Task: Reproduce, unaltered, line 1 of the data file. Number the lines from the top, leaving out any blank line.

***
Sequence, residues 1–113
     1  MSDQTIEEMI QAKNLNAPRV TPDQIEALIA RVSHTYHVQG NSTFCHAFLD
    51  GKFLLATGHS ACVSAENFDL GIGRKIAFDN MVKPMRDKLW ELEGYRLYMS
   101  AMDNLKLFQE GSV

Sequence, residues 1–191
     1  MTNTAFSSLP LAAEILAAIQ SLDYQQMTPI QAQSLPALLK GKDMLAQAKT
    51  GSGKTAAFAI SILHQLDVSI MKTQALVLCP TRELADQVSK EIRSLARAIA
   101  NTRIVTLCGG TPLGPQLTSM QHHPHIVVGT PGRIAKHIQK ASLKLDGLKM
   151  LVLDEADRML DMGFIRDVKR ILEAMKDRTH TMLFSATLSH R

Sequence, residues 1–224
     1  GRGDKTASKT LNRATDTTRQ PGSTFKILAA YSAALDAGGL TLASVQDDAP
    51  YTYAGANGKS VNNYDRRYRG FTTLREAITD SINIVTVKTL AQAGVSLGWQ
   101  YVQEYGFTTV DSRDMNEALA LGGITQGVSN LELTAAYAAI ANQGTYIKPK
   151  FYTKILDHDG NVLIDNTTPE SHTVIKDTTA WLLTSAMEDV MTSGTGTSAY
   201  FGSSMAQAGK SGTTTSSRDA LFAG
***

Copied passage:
Sequence, residues 1–113